From the Appeals Opinion which affirmed the convictions:
On the basis of the oath ceremony, where the plot against the Miami FBI building was disclosed, and Augustine and Phanor’s later participation in recording images of the federal buildings, the jury was entitled to infer that Augustine and Phanor volunteered their service to Al Qaeda generally, and thereby conspired to provide material support under § 2339B.
Augustine and Phanor also point to evidence that they did not really take the oath. Augustine argues that the record indicates that in reciting the oath, he actually changed the words such that he stated his allegiance to himself, rather than to Al Qaeda. Similarly, Phanor argues that he initially refused to take the oath, and only did so after being assured by Batiste that it was “alright” for him to do so. However, we do not find the inadequacies or hesitations in the recitation of the oath to inoculate these defendants from the jury verdict. Instead, it is Augustin, Phanor, and Augustine’s participation in the ceremony itself, and their resulting awareness of the plot against the Miami FBI building—rather than the particular words uttered by any given defendant—that is sufficient evidence supplying knowledge and intent to their later participation.. (page 27 of the opinion, see below for link)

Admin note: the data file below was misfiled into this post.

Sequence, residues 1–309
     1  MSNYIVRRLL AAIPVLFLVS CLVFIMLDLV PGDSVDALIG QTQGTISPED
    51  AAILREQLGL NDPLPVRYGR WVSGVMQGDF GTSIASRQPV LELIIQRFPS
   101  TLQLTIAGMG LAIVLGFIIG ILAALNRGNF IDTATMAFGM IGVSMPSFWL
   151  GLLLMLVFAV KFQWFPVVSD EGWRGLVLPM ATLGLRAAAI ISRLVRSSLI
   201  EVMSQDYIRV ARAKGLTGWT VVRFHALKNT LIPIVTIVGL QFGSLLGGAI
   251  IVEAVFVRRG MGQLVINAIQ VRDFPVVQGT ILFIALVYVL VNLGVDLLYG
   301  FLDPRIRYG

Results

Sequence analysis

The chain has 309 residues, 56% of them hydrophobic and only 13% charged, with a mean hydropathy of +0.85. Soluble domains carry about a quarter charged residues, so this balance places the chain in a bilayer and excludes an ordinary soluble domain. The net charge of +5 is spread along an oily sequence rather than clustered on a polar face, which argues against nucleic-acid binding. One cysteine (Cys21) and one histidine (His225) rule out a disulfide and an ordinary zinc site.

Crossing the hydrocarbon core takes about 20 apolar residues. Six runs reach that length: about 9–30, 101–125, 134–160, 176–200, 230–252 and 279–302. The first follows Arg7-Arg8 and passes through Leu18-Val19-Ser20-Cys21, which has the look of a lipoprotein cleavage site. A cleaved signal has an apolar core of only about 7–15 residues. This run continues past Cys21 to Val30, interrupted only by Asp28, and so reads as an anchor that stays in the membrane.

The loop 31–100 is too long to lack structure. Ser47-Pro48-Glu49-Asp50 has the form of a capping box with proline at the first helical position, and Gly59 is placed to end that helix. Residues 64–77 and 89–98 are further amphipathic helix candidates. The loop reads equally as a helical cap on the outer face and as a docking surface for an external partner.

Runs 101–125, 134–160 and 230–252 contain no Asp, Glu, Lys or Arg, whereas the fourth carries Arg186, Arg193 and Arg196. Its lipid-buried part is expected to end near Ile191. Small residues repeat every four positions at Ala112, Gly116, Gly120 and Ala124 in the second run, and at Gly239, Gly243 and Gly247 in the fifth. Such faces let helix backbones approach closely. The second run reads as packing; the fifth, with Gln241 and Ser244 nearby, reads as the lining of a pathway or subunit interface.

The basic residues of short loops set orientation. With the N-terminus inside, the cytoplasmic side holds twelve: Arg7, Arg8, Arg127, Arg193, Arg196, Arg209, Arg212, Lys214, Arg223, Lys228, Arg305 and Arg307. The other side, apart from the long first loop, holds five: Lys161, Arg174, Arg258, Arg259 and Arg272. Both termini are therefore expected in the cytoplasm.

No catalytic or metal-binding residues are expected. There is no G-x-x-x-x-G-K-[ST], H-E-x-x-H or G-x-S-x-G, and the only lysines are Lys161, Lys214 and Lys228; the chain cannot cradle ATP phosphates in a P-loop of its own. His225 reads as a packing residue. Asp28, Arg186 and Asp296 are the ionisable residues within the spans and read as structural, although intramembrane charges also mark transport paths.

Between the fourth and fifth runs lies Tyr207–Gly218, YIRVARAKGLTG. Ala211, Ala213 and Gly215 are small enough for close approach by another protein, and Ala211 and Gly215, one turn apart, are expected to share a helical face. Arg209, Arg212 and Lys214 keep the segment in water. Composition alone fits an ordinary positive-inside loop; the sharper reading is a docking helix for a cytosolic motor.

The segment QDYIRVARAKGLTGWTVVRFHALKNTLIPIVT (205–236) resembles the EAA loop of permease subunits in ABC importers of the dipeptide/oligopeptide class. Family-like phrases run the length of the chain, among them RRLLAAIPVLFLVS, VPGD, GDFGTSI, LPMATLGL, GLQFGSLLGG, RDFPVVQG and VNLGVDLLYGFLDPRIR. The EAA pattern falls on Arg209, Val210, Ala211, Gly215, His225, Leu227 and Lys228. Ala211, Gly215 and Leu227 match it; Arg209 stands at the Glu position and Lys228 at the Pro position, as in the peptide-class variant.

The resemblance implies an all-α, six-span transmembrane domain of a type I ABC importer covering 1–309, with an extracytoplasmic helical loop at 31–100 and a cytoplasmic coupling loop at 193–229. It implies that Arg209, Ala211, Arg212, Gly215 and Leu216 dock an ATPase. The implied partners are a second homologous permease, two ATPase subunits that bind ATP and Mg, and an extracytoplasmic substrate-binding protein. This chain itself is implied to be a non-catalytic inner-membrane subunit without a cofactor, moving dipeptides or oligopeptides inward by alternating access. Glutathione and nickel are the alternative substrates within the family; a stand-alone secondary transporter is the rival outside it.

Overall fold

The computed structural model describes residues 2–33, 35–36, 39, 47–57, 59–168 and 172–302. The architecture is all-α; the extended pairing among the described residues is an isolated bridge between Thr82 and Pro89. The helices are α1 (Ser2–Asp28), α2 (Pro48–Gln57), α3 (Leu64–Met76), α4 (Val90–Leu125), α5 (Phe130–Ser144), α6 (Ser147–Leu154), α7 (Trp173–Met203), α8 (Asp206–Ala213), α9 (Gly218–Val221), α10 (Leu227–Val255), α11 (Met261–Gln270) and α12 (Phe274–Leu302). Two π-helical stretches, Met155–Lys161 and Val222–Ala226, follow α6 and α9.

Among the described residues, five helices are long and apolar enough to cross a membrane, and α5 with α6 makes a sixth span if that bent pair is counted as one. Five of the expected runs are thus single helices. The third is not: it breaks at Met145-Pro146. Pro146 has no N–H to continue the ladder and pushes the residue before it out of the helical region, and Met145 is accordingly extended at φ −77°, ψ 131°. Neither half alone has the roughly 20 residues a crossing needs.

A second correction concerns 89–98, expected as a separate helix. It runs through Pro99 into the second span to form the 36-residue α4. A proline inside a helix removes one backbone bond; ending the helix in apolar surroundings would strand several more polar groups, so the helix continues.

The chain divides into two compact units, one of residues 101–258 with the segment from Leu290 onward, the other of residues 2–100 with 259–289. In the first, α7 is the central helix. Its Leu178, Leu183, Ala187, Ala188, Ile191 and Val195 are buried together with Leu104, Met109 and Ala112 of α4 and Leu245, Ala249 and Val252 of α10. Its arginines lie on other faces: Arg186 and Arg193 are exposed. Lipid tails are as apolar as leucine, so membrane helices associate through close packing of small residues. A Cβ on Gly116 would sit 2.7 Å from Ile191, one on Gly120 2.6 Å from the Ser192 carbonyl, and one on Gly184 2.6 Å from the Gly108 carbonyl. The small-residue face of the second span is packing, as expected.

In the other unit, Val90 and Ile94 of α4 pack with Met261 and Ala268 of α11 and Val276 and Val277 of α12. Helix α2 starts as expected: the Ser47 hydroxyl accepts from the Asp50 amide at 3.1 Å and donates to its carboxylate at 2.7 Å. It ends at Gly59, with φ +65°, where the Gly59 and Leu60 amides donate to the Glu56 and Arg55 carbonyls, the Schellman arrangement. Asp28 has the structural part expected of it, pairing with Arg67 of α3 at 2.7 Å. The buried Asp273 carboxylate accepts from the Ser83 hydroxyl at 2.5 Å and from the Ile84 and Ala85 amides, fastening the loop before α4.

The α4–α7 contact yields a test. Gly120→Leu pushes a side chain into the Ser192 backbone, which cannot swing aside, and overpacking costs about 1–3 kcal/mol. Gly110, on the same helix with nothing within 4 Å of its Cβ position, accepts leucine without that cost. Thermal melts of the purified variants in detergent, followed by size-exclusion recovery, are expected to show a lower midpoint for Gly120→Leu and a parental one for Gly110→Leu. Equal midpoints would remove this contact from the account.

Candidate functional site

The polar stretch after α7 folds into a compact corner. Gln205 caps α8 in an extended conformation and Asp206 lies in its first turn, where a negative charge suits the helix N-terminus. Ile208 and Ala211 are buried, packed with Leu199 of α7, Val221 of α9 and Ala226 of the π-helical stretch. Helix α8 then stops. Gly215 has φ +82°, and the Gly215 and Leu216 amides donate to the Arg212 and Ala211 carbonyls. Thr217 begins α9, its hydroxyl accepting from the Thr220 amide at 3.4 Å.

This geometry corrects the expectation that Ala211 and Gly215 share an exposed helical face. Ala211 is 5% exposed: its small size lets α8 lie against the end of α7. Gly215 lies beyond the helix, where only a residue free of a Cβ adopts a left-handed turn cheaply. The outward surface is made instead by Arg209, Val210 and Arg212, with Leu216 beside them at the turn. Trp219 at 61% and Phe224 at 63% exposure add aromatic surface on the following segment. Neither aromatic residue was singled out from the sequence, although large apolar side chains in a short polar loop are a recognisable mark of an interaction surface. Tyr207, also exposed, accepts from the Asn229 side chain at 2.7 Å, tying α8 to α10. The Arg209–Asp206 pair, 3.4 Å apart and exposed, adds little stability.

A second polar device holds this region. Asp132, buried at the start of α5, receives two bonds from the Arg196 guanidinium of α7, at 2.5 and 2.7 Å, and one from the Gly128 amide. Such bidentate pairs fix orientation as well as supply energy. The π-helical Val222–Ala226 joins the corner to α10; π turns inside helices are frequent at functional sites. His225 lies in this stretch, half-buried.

United States v. Burson Augustin, et al., No. 09–15985
They appealed their convictions and the Eleventh Circuit affirmed. First, the Court held that the district court did not abuse its discretion in granting in part the government’s motion to strike portions of the indictment as surplusage. The Court noted that although Federal Rule of Criminal Procedure 7(d) provides only that a defendant may seek to strike surplusage from an indictment, the Eleventh Circuit and the Supreme Court have both recognized that the government may move to strike surplusage from an indictment. Second, the Court found that the evidence was sufficient to support their convictions. Third, the Court held that the government’s involvement in the criminal scheme was not outrageous and did not violate the defendants’ Due Process rights. Fourth, the Court upheld several of the district court’s evidentiary rulings relating to the admissibility of lay and expert testimony. And finally, the Court upheld the district court’s dismissal of a juror for refusing to follow the court’s instructions on the law.
U.S. v. Augustin, The Full Opinion
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FBI — Terrorism 2002/2005
FBI arrests 7 in alleged terror plot - US news - Security - msnbc.com
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